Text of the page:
5 Ways to Use Concepting (Ideation) Effectively with Your Designer

Concepting as a step in the design process that actually happens twice. The first concepting step is your original idea. The second time (which is usually when you hire a product developer/designer) is during ideation which happens before refining that idea into your final concept.  Ideation is a crucial point in the creative development of a product. Ideation is the process of taking a single idea, and expanding upon it through a process of exploration and concept generation. For design firms, this usually means taking a clients’ idea or problem and generating a series of concepts or ideas that are usually at the sketch level. We define a sketch level concept as something that is either a traditional sketch, a foam model, or a quick 3D model that shows the concept concisely. Details are usually low as it’s only goal is to convey an idea, not to go to production with the sketch. This phase of the design process generates the largest amount of ideas, which are always cut down during the review process. Here are 5 things to keep in mind while successfully going through the concept steps with your product developer.

  1. Have your documents together. Any sketches, descriptions, images, reference images of similar products, and anything else that might help describe your idea. It may seem silly to have to put this here, but without having this together at the start, it slows the process down.


  1. Give your designer edits for each review session. Almost every ideation process includes several rounds of ideation, where concepts are narrowed down, before more are created. To help with this, make sure you’ve spent plenty of time reviewing the concepts. Also, the best form of communication is visual. Red-lining and marking up the concepts that were presented to you and sending them to your designer before the meeting gives them time to review and think about your thoughts before discussing the concepts.


  1. Quantity vs Quality. At the start of the ideation process, quantity can sometimes be preferred to quality when the project is not narrowly defined. Usually this switches through the process where at the start you want lots of concepts, and then by the end, you are working with only a few concepts that are approaching final quality. This doesn’t mean that the initial ideas are low quality necessarily, but that less time is put into each one to give a wide spread of ideas to work with at the start.


  1. Know your why. While it’s commonly expected for a product developer or designer to be able to explain why for their thoughts and ideas, you should know yours too. Being able to communicate why you want to change something, or why you think a certain feature should be there will help your developer to understand and will help guide them toward the product that will fit your needs. Without a why, it can easily just become a feature that the designer works around, instead of fully understanding its why. This limits your developers ability to create the most effective product.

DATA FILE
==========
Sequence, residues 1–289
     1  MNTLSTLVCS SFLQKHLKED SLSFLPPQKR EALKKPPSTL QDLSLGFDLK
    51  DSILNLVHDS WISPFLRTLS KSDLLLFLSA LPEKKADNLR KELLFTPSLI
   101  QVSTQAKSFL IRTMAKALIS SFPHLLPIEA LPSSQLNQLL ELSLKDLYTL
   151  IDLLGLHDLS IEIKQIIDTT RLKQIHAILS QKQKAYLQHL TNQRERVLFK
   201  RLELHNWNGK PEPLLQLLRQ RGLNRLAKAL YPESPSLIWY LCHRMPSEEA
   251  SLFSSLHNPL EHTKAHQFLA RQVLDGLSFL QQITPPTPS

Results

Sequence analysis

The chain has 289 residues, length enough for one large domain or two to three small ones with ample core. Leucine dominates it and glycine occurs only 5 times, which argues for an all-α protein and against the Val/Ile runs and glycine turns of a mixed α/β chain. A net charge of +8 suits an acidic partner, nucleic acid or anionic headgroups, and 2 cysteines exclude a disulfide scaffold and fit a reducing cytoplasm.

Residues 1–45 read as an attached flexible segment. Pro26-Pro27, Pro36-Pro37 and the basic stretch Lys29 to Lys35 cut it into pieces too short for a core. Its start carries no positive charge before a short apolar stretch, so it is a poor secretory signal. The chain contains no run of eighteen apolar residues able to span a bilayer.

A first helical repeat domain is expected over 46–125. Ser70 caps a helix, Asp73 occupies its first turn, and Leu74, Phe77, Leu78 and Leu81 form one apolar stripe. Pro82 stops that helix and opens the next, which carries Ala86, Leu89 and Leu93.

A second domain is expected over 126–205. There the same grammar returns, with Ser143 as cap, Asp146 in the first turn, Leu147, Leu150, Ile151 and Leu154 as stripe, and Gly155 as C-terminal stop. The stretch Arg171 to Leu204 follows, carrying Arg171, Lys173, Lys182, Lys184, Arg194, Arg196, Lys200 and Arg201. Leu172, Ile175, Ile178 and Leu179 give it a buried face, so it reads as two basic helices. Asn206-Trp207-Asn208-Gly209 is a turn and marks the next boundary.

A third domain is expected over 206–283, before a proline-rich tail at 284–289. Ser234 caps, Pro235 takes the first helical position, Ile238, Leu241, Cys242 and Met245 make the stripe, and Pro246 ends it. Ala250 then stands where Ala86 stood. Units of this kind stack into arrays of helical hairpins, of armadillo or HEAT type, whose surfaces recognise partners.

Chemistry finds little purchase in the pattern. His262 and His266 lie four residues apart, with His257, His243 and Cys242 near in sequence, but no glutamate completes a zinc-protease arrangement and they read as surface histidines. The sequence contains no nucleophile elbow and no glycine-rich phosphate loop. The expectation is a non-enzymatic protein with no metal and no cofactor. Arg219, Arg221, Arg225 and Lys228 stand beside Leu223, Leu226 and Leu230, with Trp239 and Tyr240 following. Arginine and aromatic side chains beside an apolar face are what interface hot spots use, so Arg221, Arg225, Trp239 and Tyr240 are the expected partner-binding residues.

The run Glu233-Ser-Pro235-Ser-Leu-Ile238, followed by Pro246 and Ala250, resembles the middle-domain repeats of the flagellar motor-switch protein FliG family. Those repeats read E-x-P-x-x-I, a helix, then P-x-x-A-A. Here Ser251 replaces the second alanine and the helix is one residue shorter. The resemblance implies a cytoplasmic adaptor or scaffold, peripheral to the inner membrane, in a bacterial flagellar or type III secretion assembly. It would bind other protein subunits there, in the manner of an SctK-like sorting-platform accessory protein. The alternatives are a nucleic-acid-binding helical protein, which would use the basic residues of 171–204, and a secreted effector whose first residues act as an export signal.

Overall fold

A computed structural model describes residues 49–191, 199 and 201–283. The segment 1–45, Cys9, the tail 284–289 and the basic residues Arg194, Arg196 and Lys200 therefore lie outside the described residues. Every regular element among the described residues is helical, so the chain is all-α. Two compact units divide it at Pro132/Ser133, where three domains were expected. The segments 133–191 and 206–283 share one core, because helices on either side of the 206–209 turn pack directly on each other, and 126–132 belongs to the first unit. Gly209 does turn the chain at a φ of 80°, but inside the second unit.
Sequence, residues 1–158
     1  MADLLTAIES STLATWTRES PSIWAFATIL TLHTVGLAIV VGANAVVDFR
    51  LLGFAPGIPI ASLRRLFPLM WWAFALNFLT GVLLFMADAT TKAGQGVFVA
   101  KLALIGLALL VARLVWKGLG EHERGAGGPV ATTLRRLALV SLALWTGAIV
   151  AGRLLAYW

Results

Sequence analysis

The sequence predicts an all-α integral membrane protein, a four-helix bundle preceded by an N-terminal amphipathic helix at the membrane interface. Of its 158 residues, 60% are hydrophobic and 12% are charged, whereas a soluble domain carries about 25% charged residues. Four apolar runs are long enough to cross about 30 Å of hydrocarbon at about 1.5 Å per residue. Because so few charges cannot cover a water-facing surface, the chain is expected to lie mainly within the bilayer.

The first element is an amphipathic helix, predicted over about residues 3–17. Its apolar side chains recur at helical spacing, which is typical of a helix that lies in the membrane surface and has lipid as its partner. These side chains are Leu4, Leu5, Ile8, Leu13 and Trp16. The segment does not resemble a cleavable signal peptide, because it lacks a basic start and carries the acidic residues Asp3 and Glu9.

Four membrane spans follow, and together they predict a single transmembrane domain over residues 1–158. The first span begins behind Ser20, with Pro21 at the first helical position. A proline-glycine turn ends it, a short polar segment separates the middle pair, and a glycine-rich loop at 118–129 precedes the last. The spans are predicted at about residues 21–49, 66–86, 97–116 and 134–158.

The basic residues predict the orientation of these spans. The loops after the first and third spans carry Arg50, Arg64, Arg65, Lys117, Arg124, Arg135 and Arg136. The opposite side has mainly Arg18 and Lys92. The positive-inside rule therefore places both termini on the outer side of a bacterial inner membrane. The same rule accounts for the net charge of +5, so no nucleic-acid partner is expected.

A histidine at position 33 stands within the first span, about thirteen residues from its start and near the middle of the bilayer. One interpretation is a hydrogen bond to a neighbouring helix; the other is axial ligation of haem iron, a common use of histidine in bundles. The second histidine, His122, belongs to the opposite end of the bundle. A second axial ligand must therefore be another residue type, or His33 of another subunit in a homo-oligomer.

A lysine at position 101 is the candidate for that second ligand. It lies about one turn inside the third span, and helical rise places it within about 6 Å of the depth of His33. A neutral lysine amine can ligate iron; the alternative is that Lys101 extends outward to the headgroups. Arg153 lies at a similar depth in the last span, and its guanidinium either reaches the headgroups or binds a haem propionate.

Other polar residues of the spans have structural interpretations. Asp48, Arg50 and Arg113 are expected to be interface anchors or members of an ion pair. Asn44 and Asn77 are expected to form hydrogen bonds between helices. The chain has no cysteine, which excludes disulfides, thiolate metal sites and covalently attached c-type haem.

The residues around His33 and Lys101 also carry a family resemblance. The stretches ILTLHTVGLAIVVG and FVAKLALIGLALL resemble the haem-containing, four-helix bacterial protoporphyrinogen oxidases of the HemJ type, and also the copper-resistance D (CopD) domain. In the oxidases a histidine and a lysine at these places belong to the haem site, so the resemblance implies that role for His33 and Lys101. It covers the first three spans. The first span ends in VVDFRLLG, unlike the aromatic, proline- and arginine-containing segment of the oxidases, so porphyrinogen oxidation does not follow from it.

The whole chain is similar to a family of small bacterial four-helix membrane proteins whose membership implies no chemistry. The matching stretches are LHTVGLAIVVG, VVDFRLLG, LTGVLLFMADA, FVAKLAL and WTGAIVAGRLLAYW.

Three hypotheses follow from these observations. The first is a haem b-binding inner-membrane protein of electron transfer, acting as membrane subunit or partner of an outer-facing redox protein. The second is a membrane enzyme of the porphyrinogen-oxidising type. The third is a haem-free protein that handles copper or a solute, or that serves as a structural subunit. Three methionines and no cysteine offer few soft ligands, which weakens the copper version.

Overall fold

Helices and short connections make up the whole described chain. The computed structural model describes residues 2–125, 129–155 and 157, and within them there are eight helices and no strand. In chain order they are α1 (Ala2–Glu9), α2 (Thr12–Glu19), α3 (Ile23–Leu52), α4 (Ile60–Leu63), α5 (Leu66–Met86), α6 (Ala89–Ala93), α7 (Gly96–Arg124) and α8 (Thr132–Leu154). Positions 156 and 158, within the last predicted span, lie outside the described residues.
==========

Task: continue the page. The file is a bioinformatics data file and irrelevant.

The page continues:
1. Clear communication. This I can’t stress enough. It doesn’t mean having the best sketches, or CAD, or being able to write like a bestselling author. It means making sure your thoughts are communicated to the designer, and that you make sure we understand you. Sometimes things don’t click the first time for a developer, we won’t be insulted if you give more information and explain things in a couple ways before a project starts. It’s important that you are comfortable with the level of understanding your product developer has. Because if they don’t understand fully, it automatically causes there to be some mistakes built into the process, which we always want to avoid. It’s your job to make sure we understand you. It’s also the job of a good developer to make sure they understand your idea. When both of those things happen, then everyone can walk away knowing that the idea is understood, and no time will be wasted going down the wrong path.

If you follow these 5 things, you’ll be making the most of the ideation/concepting process that you’ll go through in developing your product. Having this process go smoothly will help set the tone for the rest of the project, and keep things moving along nicely.

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